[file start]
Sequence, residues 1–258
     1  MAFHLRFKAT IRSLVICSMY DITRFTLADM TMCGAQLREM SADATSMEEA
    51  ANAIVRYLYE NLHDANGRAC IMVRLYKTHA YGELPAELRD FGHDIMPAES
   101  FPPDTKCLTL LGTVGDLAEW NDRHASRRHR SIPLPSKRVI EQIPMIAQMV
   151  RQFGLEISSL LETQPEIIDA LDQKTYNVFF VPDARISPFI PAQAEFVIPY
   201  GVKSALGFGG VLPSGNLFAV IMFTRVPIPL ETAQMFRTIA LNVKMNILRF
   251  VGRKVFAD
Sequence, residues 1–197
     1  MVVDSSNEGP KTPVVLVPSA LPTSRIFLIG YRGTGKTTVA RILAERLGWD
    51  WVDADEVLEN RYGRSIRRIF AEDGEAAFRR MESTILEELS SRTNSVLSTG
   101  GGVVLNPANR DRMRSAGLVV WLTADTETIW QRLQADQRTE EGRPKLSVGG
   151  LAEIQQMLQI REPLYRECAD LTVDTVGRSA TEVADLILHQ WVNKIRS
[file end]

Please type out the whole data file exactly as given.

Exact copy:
Sequence, residues 1–258
     1  MAFHLRFKAT IRSLVICSMY DITRFTLADM TMCGAQLREM SADATSMEEA
    51  ANAIVRYLYE NLHDANGRAC IMVRLYKTHA YGELPAELRD FGHDIMPAES
   101  FPPDTKCLTL LGTVGDLAEW NDRHASRRHR SIPLPSKRVI EQIPMIAQMV
   151  RQFGLEISSL LETQPEIIDA LDQKTYNVFF VPDARISPFI PAQAEFVIPY
   201  GVKSALGFGG VLPSGNLFAV IMFTRVPIPL ETAQMFRTIA LNVKMNILRF
   251  VGRKVFAD
Sequence, residues 1–197
     1  MVVDSSNEGP KTPVVLVPSA LPTSRIFLIG YRGTGKTTVA RILAERLGWD
    51  WVDADEVLEN RYGRSIRRIF AEDGEAAFRR MESTILEELS SRTNSVLSTG
   101  GGVVLNPANR DRMRSAGLVV WLTADTETIW QRLQADQRTE EGRPKLSVGG
   151  LAEIQQMLQI REPLYRECAD LTVDTVGRSA TEVADLILHQ WVNKIRS